We present late-time imaging and spectroscopic observations of the optical transient (OT) and host galaxy of GRB 970508. Imaging observations roughly 200 and 300 days after the burst provide unambiguous evidence for the flattening of the light curve. The spectroscopic observations reveal two persistent features that we identify with [O II] łambda3727 and [Ne III] łambda3869 at a redshift of z=0.835–the same redshift as the absorption system seen when the transient was bright. The OT was coincident with the underlying galaxy to better than 370 mas or a projected radial separation of less than 2.7 kpc. The luminosity of the [O II] line implies a minimum star formation rate of 1 M$_solar$ yr$^-1$. In our assumed cosmology, the implied rest-frame absolute magnitude isM$_B$=-18.55, or L$_B$=0.12 L$_*$. This object, the likely host of GRB 970508, can thus be characterized as an actively star-forming dwarf galaxy. The close spatial connection between this dwarf galaxy and the OT requires that at least some fraction of gamma-ray burst progenitors are not ejected in even the weakest galactic potentials.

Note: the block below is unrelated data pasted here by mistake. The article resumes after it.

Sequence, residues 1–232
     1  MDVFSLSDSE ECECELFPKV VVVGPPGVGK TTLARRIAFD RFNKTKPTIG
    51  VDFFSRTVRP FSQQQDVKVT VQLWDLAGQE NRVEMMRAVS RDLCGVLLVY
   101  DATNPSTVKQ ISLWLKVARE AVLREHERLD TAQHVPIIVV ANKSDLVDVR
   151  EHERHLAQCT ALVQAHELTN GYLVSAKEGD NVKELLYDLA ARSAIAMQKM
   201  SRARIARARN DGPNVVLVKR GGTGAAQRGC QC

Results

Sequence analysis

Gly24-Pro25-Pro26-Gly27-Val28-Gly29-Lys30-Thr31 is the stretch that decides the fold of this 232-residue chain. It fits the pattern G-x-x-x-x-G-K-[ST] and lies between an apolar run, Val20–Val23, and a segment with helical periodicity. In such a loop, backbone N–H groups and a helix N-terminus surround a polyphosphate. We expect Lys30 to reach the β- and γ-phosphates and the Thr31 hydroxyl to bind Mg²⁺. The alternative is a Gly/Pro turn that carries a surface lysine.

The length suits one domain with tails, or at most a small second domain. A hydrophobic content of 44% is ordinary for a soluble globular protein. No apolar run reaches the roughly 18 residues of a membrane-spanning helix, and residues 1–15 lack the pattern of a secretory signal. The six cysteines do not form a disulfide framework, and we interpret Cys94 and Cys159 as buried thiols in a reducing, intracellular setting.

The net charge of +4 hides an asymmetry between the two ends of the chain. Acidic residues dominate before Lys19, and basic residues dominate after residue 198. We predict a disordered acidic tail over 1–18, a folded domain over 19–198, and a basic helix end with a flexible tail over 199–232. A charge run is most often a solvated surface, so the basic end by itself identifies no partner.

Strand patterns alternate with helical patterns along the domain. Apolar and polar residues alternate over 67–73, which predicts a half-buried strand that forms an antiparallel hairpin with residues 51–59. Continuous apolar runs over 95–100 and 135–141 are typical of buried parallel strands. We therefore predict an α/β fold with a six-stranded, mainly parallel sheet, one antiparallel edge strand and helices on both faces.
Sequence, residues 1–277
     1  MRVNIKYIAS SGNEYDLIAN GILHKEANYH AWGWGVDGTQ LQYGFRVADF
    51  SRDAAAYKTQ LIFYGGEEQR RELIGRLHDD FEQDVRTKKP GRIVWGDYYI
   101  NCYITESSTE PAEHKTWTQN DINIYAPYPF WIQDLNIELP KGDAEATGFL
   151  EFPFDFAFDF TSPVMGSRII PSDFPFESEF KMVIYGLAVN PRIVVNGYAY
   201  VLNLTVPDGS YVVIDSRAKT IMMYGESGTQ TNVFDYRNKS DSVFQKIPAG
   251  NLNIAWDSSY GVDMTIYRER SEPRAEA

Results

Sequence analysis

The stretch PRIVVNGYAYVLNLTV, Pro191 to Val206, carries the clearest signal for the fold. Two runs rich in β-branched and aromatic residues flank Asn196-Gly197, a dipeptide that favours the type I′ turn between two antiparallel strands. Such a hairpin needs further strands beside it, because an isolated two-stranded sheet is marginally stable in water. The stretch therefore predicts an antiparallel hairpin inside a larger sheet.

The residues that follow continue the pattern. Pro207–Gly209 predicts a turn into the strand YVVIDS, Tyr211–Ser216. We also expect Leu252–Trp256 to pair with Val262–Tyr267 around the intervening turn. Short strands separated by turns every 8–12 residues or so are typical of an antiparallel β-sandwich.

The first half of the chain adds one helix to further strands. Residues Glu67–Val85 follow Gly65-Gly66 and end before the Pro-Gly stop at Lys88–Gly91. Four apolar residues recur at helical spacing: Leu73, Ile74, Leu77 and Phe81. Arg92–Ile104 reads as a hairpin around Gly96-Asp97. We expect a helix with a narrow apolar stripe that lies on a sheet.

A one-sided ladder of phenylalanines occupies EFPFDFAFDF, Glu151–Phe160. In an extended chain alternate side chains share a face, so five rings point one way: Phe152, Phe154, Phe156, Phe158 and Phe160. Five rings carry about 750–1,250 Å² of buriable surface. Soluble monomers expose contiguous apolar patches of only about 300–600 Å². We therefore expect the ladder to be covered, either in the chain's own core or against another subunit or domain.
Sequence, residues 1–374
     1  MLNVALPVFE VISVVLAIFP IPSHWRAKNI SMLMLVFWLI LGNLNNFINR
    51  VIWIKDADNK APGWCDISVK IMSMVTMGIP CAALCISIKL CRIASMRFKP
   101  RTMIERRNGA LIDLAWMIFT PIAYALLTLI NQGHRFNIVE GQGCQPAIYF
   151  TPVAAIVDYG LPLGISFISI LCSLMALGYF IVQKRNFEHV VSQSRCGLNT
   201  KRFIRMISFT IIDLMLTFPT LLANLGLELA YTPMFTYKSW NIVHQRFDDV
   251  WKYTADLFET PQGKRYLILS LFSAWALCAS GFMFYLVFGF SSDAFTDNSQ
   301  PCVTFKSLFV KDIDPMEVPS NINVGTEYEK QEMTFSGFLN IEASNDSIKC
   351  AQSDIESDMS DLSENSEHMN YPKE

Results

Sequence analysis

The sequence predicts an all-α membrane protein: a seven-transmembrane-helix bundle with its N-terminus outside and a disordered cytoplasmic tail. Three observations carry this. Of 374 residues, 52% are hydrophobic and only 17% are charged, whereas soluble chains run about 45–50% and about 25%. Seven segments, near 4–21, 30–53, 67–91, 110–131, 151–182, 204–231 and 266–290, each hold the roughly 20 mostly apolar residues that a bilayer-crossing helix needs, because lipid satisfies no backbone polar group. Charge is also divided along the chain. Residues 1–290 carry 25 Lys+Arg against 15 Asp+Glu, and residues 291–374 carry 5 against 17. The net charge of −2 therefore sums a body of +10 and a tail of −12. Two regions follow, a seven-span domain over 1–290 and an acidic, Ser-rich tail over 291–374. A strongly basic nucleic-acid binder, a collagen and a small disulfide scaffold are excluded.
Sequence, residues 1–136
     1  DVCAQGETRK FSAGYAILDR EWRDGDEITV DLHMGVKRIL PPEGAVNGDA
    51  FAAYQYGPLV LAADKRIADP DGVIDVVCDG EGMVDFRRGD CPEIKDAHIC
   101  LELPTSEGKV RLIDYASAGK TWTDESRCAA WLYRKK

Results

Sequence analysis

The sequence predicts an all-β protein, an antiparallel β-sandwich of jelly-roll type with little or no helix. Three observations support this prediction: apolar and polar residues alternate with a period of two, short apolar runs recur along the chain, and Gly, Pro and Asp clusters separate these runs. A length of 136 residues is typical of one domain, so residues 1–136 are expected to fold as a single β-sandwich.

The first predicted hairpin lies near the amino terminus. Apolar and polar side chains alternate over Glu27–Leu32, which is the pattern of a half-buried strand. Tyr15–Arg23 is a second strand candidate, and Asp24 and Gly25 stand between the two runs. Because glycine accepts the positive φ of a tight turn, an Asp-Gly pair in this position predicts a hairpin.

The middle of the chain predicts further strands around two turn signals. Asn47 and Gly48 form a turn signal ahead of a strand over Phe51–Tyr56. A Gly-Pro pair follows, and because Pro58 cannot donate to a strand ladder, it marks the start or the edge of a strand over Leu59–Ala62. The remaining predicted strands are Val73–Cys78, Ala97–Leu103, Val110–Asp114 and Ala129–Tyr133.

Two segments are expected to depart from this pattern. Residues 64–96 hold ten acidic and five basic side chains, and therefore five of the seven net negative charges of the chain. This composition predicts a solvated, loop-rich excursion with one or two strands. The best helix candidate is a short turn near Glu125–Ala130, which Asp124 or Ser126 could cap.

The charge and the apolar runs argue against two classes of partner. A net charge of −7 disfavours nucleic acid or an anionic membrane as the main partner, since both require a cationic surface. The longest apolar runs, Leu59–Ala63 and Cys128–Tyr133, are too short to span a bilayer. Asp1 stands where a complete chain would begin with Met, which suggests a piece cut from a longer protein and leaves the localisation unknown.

Based on the observations obtained at the W. M. Keck Observatory which is operated by the California Association for Research in Astronomy, a scientific partnership among California Institute of Technology, the University of California and the National Aeronautics and Space Administration.